Take-Home Examination

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Take-Home Examination

Question 1

Since its emergence in the early 90s, corporate governance has evolved various concepts, such as Corporate Social Responsibility (CSR) and pushed for the increased participation of shareholders and stakeholders in corporate management. The business concept defines the set of mechanisms firms employ to function when management is separated from ownership. Following the 2008 financial crisis, corporate governance grew popular as a macro-level economic principle. Lapses in corporate governance structures within multinational companies have been cited as the main cause of stock market collapses. Since then, corporate governance has become a national policy issue due to its influence on economic development. The quality of firm-level corporate governance impacts a company’s ability to gain access to capital and its financial performance. The improved financial status results in capital market development and more stable stock markets. While the direction of causality is not always evident, good quality corporate governance eventually pays off by improving corporate financial performance, stock market stability and national economic performance.

            Good corporate governance is connected to lower capital costs, greater operational efficiency and higher equity returns. Privatization prompts firms to turn to public markets to raise capital. A widening pool of empirical evidence highlights that well-governed firms acquire higher market valuations, influencing their access to capital (Claessens and Yurtoglu 17). Improved access translates into larger investments and greater corporate growth. Moreover, the lower cost of capital and enhanced corporate performance make investments more appealing to investors. The immediate result is more growth and the creation of employment. The magnitude of the effect is substantial as firm-level studies indicate good corporate governance enhances stock market valuations (Claessens and Yurtoglu 21). Nonetheless, a firm’s management determines its capital flows and equity.

Good quality corporate management is associated with less volatile stock prices and a minimized risk of a financial crisis. A study on direct ownership during the East Asian financial crisis outlines that more resilient firms had better accounting disclosure practices and higher external ownership concentration (Imran et al. 3416). The study provides evidence that corporate governance influences corporate behaviour during a financial crisis. However, other studies indicate that weak corporate governance is a causal factor for stock volatility. In 2009, Alan Blinder of the U.S Federal Reserve claimed poor corporate governance was the main cause of the credit crisis (Claessens and Yurtoglu 23). The result was an unprecedented debt to equity ratio that crashed most stock markets. It becomes more difficult for the national economy to source cross-border investments with poorly performing markets. Firms influence markets, whereas markets are the stimulus for external financing.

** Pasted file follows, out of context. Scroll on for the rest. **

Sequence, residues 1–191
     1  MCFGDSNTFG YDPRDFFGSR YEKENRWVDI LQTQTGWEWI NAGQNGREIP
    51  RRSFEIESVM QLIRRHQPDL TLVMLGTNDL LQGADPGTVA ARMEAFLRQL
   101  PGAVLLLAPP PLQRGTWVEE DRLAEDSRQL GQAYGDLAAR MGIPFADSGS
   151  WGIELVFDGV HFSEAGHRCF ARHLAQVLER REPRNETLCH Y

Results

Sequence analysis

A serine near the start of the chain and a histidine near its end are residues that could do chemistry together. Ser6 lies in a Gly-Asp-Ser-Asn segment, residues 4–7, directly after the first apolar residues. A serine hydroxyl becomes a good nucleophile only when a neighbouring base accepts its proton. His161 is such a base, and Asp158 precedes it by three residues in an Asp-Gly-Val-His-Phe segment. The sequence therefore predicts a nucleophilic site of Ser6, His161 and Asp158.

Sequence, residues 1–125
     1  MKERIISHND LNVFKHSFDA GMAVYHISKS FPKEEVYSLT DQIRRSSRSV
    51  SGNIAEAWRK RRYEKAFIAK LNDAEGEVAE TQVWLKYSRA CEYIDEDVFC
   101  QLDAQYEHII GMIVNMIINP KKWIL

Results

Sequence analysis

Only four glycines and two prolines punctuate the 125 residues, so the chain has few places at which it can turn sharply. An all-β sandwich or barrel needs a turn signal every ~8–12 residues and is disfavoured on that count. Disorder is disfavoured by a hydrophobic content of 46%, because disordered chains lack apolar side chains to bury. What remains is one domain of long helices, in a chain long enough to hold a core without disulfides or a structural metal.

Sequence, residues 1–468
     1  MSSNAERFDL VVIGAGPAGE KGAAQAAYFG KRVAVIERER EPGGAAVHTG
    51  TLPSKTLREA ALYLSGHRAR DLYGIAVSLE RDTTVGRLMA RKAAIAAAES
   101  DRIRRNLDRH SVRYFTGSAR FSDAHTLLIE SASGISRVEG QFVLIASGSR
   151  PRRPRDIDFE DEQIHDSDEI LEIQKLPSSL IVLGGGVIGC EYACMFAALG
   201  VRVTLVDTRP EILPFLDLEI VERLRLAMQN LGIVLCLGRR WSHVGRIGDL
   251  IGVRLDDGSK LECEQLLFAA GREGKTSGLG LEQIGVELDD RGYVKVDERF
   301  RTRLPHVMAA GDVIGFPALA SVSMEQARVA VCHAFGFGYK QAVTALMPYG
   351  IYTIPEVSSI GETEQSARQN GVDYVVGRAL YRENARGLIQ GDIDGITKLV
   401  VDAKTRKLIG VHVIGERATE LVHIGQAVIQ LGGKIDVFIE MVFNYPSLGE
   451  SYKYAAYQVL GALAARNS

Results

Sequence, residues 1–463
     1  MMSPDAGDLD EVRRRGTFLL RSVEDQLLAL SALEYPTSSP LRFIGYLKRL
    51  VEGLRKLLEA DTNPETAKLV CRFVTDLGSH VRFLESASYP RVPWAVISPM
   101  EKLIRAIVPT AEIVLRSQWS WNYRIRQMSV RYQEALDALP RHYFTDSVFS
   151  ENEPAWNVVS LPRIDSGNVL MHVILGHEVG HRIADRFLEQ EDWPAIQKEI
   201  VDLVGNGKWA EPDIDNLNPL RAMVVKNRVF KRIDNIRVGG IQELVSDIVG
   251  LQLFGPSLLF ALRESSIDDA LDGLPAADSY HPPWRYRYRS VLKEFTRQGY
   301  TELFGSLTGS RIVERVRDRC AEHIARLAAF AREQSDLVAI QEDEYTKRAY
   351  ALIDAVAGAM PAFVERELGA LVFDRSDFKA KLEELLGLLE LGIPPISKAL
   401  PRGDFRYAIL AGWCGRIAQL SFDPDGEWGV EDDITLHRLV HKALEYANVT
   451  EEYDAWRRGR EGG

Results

Better performing financial markets develop national reserves by attracting foreign direct investments. According to Ojo and Van Akkeren, when financial information is poorly disclosed and there is a lack of transparency, analysts and investors lack the ability to assess firms or the incentive to invest in the firms (79). There is sufficient empirical evidence to relate good corporate governance with increased transparency and synchronous stock prices. Poor governance will encourage the negative skewing of stock prices, increasing investment risks while lowering stock returns. Contrastingly, good governance stabilizes stock pricing, influencing the suitability of a firm for mergers and acquisitions (Claessens and Yurtoglu 25). The business concept determines the degree of investor protection and the health of the relationship between shareholders and management in a market. Foreign investor portfolios are bigger in countries with better investor protection and healthy stakeholder relations (Ojo and Van Akkeren 80). National economies cannot build on their capital reserves if they cannot attract and secure foreign investments.